"At the battle of Val Verde during the War between the states, father's cousin, Captain Willis Lang, who had raised a company at Marlin, and was mortally wounded at this battle, left the Brazos bottom plantation to my father, in a will he made before he left to enter the Confederate service. And in November of 1865 my father moved from Mississippi to Falls County Taxes where he took possession of this estate. His success as a farmer was complete. At one time it was said of him that he was the largest tax-payer in Falls County. The tribute paid by his friends was all any one could desire. After his death my mother moved to Waco where we lived for a few years and later moved to Marlin and lived until her death in 1922. She was buried in the family cemetery near the town of Perry, where my father and the children lie.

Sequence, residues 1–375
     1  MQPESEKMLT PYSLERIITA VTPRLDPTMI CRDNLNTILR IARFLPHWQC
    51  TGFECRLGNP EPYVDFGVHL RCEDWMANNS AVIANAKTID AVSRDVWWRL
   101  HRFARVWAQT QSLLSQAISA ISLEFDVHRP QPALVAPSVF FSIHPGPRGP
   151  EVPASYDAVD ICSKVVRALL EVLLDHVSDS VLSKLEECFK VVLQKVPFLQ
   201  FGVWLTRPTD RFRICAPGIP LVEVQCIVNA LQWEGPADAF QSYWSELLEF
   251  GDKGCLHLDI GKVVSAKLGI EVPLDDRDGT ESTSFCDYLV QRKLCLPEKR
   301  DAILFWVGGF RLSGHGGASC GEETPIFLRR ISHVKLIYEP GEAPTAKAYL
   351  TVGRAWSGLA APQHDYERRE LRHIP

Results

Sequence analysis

"Captain Willis Lang who bequeathed his estate to my father, who was his cousin and whose relationship were as brothers, was born November 29th, in 1839. He was the son of General William Lang, who was a native of South Carolina. They were parents of five children, Clement D. Albine, who was married to Willis L. Horne, in 1847; Jerusha E., who was married to Thomas [?]. Falconer; William and Willis.
"The family moved from South Carolina in 1817, locating near Winchester in Wayne County, Mississippi. On their way to Mississippi they passed through the Creek Indian nation who were in hostility to the whites at that time. After many narrow escapes they reached their destination and settled on a plantation as farmers. Captain Willis was reared at home, receiving his preliminary education at the plantation school. When he reached sufficient age he was sent to Oxford, where he was graduated with honors. He lived about home for a time, then entered the law office of his brother-in-law, Mr. Falconer, of Alabama and began reading law until he left for war.